You are on page 1of 28

Optimization of

Oil Field Operations


Louis J. Durlofsky

Department of Energy Resources Engineering


Stanford University

Collaborators

Jerome Onwunalu
(now at BP)
Jincong He
Jon Saetrom (NTNU)
2

Smart Field Modeling


Reservoir
Data

Set Well
Controls

Update
Model
Field
Development
Optimization

Optimize
Well Settings

Optimization highly intensive computationally


3

Outline
Field development (well placement) optimization
Particle swarm optimization (PSO) algorithm
Well pattern optimization

Production optimization
Trajectory piecewise linearization (TPWL) for
surrogate modeling

Generalized pattern search method with TPWL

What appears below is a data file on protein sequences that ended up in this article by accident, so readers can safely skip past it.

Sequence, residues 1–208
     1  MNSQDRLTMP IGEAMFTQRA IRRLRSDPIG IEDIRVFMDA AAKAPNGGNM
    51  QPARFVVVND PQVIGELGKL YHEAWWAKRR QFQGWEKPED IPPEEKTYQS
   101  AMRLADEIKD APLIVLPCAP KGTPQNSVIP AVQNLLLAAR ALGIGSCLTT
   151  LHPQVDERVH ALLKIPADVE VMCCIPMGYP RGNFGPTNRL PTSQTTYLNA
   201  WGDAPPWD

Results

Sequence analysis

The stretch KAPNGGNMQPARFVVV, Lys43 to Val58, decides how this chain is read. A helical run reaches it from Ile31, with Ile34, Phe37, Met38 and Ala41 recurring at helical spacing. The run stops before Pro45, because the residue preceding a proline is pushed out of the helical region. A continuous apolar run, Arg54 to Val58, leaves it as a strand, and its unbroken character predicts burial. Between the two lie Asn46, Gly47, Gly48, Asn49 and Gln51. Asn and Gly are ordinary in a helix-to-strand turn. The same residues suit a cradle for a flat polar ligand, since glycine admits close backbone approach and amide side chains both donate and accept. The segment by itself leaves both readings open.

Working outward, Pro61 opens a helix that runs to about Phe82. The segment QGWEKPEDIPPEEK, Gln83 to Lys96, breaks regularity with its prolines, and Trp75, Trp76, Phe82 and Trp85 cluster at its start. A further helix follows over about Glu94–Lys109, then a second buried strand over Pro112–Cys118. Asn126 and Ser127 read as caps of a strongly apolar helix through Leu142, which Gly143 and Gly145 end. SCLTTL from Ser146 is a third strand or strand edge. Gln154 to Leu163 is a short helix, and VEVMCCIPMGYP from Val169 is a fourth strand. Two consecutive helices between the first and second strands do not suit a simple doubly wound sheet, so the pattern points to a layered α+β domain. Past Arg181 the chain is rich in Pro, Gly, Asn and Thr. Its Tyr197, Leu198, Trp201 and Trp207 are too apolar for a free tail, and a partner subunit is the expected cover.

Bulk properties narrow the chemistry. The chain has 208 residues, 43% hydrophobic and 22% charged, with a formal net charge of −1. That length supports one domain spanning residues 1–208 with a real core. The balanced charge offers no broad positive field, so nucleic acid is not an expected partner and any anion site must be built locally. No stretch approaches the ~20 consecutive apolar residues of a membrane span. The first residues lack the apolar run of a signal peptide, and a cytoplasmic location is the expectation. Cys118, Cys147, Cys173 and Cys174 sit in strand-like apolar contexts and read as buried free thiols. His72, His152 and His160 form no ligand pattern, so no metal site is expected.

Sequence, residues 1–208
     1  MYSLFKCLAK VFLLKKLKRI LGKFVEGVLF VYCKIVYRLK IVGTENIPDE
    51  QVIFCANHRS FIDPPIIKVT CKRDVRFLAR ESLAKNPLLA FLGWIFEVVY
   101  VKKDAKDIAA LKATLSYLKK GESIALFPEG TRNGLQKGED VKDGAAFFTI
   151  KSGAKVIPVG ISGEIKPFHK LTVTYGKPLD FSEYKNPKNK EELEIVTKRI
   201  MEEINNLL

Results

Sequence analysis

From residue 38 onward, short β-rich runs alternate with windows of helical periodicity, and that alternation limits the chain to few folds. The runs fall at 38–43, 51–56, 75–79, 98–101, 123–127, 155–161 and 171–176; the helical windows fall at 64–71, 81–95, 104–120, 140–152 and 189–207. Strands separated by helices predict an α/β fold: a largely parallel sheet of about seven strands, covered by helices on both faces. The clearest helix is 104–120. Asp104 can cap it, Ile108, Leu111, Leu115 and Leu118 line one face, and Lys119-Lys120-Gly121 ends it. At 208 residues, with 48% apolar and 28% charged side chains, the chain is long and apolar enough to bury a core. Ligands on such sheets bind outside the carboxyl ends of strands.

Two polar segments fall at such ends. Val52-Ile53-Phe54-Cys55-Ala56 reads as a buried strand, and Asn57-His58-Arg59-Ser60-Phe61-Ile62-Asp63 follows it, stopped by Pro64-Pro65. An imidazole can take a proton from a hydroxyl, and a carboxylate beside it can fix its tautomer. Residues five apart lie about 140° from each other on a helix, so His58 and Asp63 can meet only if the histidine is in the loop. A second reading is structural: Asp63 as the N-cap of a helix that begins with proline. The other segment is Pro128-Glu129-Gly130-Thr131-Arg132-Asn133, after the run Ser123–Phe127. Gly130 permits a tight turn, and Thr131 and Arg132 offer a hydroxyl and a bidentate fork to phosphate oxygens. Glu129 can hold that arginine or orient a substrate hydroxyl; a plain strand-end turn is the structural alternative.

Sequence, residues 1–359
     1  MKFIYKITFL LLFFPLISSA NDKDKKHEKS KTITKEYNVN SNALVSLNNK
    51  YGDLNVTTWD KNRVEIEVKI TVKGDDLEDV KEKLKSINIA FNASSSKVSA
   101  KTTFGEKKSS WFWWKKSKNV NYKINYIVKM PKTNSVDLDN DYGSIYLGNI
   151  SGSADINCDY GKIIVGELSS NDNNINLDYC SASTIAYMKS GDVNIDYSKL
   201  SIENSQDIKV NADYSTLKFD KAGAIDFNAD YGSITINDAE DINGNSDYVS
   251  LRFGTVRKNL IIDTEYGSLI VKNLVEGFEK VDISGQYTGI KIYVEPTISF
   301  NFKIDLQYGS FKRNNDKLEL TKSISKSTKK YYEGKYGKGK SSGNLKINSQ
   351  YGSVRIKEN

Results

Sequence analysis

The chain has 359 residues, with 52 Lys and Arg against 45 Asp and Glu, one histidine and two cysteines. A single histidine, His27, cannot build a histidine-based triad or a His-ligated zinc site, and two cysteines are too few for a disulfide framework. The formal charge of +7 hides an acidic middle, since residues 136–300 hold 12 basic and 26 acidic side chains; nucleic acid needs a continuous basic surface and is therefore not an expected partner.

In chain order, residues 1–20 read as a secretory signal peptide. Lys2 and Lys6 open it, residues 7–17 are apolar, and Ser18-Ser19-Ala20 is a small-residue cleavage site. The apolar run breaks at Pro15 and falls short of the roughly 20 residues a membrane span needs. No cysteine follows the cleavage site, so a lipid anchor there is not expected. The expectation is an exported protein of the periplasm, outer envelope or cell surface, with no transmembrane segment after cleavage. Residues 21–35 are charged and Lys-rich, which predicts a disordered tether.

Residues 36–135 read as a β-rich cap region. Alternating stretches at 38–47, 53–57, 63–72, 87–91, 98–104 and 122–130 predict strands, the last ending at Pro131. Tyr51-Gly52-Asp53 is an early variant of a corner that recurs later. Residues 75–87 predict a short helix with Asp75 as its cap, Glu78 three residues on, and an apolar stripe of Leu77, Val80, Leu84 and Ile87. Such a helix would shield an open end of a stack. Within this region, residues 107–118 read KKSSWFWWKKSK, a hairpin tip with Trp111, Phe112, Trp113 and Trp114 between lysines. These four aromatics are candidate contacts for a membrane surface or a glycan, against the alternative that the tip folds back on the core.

Conclusions

Optimization of Well Type and Placement

Solution Representation for


Field Development Optimization
Concatenation of well variables; (, ) are spatial locations:

x = {1 ,1 , 2 , 2 ,K, N , N }
well 1

well 2

well N

2N optimization variables
Representation can be generalized to handle deviated,
horizontal, or multilateral wells:

x = {( h , h , h )1 , ( t ,t , t )1 ,K}
6

Particle Swarm Optimization (PSO)


Developed originally by Kennedy & Eberhardt (1995)
Models social behavior in animals and entails a cooperative
search strategy (population-based like Genetic Algorithm)
Successfully applied for subsurface flow optimization
(groundwater remediation) by Mattot et al. (2006)

http://inlinethumb61
.webshots.com

PSO Solution Iteration

xi solution, vi particle velocity, k iteration, t = 1


Particle velocity has 3 contributions:

Particle Swarm Optimization


(2D Search Space)